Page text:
The Spirit is Lord, one with the Father and the Son in perfect harmony and fulfilling agreed goals. One in nature, each person in the Godhead never departs from the eternal, inevitable policy of teamwork. God is diverse (plural) but not divided. The Spirit is the donor of life, natural and spiritual. He is God in fellowship with his creation sustaining it, blessing it, renewing it. Life continues and multiplies because he breathes upon all creatures, and he breathes new life into the elect through the Gospel. He generates and regenerates. When a human soul is reborn he is baptized in the Spirit, possesses the Spirit, is indwelt by the Spirit who is no “added extra” but the source and substance of the eternal life that has newly begun. The Spirit unifies the true people of God as their “common” energy and experience. They cannot exist or function without him. He distributes various gifts among them. They may be deficient in their compliance with the Spirit through distraction, carelessness, and neglect, but there is no special class among Christians. All are enlivened and inhabited by the Holy Spirit in varying degrees of conformity to his will.
The Spirit brings no new revelation but illuminates the one that has been given. For reasons of gratification, licence, and hubris many have claimed access to special disclosures of the Spirit that are extra-biblical or even in conflict with the Word of God written. Hence their thoughts and promptings become superior to the biblical text and warrants for irregular or irrational action. Our creed issues a safeguard against fantastic and false notions. The Spirit has spoken through the Prophets. Holy Scripture is his voice to which he opens our ear as we read, meditate, and listen to the testimony of prophets and apostles. The Spirit will never reverse that which has been recorded in the inspired canon, and he will never contradict or relax the revealed will of the Lord. He teaches through the Scriptures, grants understanding and insight, and enables application and obedience.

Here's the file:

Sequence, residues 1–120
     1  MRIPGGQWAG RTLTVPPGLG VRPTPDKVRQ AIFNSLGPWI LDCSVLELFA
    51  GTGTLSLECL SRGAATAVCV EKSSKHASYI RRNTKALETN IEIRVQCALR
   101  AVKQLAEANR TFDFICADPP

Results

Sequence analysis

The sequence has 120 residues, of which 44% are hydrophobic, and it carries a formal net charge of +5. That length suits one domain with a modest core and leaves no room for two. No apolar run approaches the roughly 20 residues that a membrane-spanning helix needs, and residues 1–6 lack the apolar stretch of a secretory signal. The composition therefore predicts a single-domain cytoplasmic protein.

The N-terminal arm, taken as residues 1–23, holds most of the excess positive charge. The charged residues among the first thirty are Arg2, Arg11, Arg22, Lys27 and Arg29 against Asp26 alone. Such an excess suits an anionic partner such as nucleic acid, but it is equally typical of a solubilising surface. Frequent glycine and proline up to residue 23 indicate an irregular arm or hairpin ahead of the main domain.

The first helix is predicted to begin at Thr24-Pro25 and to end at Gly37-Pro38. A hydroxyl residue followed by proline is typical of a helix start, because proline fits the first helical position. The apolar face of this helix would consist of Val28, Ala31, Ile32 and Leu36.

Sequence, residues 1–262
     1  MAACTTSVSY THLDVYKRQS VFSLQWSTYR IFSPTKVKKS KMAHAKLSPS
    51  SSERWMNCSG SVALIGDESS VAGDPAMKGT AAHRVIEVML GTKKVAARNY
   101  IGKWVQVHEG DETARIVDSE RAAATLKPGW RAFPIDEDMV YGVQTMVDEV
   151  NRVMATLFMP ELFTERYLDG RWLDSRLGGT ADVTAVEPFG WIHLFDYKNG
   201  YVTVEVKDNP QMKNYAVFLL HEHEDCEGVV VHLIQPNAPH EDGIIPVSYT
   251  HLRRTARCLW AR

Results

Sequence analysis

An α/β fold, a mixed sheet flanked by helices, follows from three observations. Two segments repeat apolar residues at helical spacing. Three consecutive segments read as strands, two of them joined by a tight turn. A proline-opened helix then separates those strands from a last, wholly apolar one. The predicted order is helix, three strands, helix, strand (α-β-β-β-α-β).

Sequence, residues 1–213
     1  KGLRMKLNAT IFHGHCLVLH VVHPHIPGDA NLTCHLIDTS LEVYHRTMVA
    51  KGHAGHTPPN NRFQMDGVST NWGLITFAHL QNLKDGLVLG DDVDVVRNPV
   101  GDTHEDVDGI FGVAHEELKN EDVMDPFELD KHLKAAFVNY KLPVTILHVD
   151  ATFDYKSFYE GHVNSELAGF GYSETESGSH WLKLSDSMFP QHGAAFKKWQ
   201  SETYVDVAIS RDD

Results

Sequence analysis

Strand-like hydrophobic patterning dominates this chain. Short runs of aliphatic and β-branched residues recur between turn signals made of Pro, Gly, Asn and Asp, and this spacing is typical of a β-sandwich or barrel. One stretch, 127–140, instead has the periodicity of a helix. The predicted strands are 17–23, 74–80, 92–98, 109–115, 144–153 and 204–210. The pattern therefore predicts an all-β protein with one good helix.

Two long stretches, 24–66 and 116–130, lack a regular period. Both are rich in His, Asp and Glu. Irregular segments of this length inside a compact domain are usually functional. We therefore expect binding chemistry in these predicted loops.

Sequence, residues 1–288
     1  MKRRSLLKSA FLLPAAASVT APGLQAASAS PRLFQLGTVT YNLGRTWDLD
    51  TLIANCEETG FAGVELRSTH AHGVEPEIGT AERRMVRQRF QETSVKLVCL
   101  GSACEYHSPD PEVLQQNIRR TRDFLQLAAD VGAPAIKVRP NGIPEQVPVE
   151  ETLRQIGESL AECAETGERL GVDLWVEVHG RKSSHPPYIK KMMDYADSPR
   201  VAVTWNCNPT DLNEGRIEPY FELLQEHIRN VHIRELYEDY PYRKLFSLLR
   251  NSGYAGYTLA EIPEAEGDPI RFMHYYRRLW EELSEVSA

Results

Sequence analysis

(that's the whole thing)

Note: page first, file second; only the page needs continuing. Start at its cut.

The greatest gifts of the Spirit are new life, understanding of truth, boldness to declare it, and perseverance in maintaining it, with protection from those forces that would tempt us to abandon or deny truth. The greatest evidence of the Spirit for us and within us is love and adoration for Christ of whom he came to testify and instruct, and the seal of his internal activity is the manifestation of Christ-likeness in character.
As God in our world, our lives, our minds and hearts, uniting his people with the Father, the Spirit is God in closest contact with us showing forth his saving love in Jesus Christ and enabling us to trust and delight in the Redeemer. Through the Spirit we believe and pray, and commune with Father and Son and as connecting link the Spirit ensures that we are in fellowship with the society of the Holy Trinity, lost in wonderment, filled with gratitude, gazing at a smiling Father, in mutual embrace with the Son, revelling in the life of the Spirit. Father and Son give themselves to us in the presence of the Spirit. He gives us link and likeness to God. For all his power and mercy we worship and glorify him. Our affection and adoration for God is threefold, equally rendered to the Father who decrees his purposes, the Son who does his will in creation and redemption, and the Spirit who delivers all divine blessings and gifts to us.
This wondrous privilege and companionship is enjoyed by all believers if only they would rise to full appreciation of it: The grace of our Lord Jesus Christ, and the love of God, and the fellowship of the Holy Spirit. May this One God be with us all evermore.